Thomas B

Active Member
This appears to me to be a serious design flaw, although this was not brought up in the court case
I've had the same thought, but I find it hard to believe that any of the buildings failed because of a design flaw that hasn't been publicly acknowledged. If that were the case, it must have been covered up. And, like controlled demolition, the cover up would have needed to silence all of official engineering. It leaves us in the uncomfortable position of rejecting one conspiracy theory only to propose another. Or am I misunderstanding your suggestion?
 

Thomas B

Active Member
While looking for something else I found what looks a like a definitve answer to this thread's question. At the end of section 3.4.6, on page 42 of the NIST report on WTC, there's this:

The fourth LS-DYNA analysis showed that, following the removal of Column 79 between Floors 11 and 13, vertical and horizontal progression of failure occurred. This was followed by downward movement at the roofline due to buckling of exterior columns, which led to the collapse of the entire building. This analysis showed that WTC 7 was prone to classic progressive collapse associated with the local failure of Column 79.
Content from External Source
The simulation is described on page 39 as follows:

In the fourth simulation, the building experienced no debris or fire-induced damage. A section of Column 79 between Floors 11 and 13 was removed. The purpose of this analysis was to determine the potential for a classic progressive collapse, i.e., disproportionate structural damage from a single failure, regardless of the cause of that failure.
Content from External Source
https://nvlpubs.nist.gov/nistpubs/Legacy/NCSTAR/ncstar1a.pdf

So the answer seems to be yes, Column 79 was the Achilles' Heel of WTC7. According to NIST, removing only a two-story section of column 79 (and leaving everything else as is) would have caused "the collapse of the entire building" on any given day. It was "prone" to this kind of collapse.
 

Jeffrey Orling

Senior Member
While looking for something else I found what looks a like a definitve answer to this thread's question. At the end of section 3.4.6, on page 42 of the NIST report on WTC, there's this:

The fourth LS-DYNA analysis showed that, following the removal of Column 79 between Floors 11 and 13, vertical and horizontal progression of failure occurred. This was followed by downward movement at the roofline due to buckling of exterior columns, which led to the collapse of the entire building. This analysis showed that WTC 7 was prone to classic progressive collapse associated with the local failure of Column 79.
Content from External Source
The simulation is described on page 39 as follows:

In the fourth simulation, the building experienced no debris or fire-induced damage. A section of Column 79 between Floors 11 and 13 was removed. The purpose of this analysis was to determine the potential for a classic progressive collapse, i.e., disproportionate structural damage from a single failure, regardless of the cause of that failure.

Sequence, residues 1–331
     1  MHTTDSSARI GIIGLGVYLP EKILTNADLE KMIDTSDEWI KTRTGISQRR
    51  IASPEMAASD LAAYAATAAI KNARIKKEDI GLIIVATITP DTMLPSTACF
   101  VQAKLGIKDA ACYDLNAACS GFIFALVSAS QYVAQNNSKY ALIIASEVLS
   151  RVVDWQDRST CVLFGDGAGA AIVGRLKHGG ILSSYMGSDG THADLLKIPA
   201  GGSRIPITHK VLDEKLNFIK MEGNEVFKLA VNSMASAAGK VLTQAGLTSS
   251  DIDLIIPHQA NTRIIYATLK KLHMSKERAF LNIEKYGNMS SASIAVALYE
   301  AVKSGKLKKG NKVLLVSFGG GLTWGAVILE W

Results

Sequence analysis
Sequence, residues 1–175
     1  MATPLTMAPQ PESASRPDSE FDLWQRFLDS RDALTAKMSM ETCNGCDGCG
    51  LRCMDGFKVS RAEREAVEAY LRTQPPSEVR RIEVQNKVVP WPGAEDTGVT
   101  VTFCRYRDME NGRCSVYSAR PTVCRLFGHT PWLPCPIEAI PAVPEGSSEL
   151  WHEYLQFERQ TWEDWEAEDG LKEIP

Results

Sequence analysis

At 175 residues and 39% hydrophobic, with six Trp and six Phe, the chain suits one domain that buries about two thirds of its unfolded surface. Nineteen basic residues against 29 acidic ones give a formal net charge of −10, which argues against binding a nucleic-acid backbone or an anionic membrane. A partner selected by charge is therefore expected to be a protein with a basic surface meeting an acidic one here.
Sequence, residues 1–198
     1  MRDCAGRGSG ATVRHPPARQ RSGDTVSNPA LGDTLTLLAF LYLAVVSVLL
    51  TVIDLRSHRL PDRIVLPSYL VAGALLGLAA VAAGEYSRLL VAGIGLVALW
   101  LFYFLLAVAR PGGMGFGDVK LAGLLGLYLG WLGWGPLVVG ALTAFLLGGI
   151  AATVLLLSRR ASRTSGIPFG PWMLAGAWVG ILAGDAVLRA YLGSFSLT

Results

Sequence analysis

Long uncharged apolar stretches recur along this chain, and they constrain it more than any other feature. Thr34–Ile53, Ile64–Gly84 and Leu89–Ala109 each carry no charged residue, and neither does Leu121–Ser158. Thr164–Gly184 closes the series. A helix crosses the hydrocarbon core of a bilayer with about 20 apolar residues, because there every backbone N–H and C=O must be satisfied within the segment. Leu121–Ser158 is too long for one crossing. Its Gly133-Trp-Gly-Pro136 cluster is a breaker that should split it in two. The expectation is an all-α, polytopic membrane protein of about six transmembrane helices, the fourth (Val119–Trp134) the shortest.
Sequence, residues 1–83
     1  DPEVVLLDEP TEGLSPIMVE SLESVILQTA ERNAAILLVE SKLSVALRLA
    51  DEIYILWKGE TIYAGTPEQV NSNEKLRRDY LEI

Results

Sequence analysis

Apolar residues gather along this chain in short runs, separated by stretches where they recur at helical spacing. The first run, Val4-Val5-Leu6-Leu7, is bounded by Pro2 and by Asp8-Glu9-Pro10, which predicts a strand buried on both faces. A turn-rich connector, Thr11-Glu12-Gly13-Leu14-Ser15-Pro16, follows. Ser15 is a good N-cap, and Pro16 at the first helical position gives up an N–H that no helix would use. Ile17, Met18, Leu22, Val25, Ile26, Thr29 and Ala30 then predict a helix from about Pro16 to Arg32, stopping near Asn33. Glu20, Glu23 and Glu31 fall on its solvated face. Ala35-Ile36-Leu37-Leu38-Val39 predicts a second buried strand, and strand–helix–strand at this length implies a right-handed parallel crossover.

Content from External Source
https://nvlpubs.nist.gov/nistpubs/Legacy/NCSTAR/ncstar1a.pdf

So the answer seems to be yes, Column 79 was the Achilles' Heel of WTC7. According to NIST, removing only a two-story section of column 79 (and leaving everything else as is) would have caused "the collapse of the entire building" on any given day. It was "prone" to this kind of collapse.
Same would apply to col 80 and 81
 

econ41

Senior Member
So the answer seems to be yes, Column 79 was the Achilles' Heel of WTC7. According to NIST, removing only a two-story section of column 79 (and leaving everything else as is) would have caused "the collapse of the entire building" on any given day. It was "prone" to this kind of collapse.
Same would apply to col 80 and 81
Again I suggest caution. You are forming a false conclusion for the same error as I identified in another thread. The issue of levels of vulnerability.

Level #1: Neither Col 79 nor cols 80, 81 nor any combination of them is any form of "Achilles Heel" within the envelope of design parameters for "normal" conditions.

Level #2: We have no proof either way but it is probable that the same would apply in the situation of a"normal" fire - the fire scenario designed for. i.e. one, possibly two, points of origin, fire sprinklers operational and active fire fighting commenced within the fire rating time frame.

Level #3: We are probably convinced that Cols 79, 80 and 81 were a form of "Achille's Heel" in the gross trauma of the 9/11 event which went way beyond what the building was designed for.

So the conflation of differing scenarios into one oversimplified comment is both wrong and misleading.

And the underlying issue - the need to define the level of trauma and associated vulnerability is of critical importance to arriving at legitimate conclusions.
 

Thomas B

Active Member
We are probably convinced that Cols 79, 80 and 81 were a form of "Achille's Heel" in the gross trauma of the 9/11 event which went way beyond what the building was designed for.
That's not how I read the part of the report I quoted. In NIST's fourth simulation the only "trauma" was the removal of two stories worth of column 79 as far as I can tell. The result was total progressive collapse.
 

Mendel

Senior Member.
That's not how I read the part of the report I quoted. In NIST's fourth simulation the only "trauma" was the removal of two stories worth of column 79 as far as I can tell. The result was total progressive collapse.